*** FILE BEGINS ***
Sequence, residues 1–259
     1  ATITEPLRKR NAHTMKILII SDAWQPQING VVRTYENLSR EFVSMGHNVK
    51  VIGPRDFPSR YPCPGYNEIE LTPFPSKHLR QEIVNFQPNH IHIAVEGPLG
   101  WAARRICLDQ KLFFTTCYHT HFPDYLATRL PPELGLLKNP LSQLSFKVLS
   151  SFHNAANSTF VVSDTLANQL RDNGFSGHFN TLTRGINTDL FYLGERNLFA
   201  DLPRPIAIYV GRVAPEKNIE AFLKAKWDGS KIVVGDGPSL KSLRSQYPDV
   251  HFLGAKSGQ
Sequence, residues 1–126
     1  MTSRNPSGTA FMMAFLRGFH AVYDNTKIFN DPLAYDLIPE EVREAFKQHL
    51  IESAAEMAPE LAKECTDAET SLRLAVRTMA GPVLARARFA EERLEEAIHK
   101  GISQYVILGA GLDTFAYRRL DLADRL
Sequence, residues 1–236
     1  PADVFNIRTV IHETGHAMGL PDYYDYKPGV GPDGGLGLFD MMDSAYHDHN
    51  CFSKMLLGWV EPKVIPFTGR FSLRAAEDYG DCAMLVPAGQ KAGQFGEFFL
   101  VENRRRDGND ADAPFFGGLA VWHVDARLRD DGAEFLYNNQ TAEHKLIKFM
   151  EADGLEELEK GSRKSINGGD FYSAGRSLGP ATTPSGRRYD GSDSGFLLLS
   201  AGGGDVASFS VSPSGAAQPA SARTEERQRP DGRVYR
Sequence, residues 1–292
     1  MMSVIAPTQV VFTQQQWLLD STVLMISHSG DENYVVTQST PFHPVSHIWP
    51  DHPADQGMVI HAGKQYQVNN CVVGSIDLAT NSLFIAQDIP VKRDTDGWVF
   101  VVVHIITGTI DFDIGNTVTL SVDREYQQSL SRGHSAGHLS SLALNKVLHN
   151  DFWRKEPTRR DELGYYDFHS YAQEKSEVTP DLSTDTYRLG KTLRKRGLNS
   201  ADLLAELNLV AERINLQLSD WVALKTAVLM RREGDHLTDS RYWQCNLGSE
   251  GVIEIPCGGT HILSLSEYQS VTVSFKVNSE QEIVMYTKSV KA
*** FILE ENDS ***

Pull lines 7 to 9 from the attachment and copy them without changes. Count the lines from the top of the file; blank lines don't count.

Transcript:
   251  HFLGAKSGQ
Sequence, residues 1–126
     1  MTSRNPSGTA FMMAFLRGFH AVYDNTKIFN DPLAYDLIPE EVREAFKQHL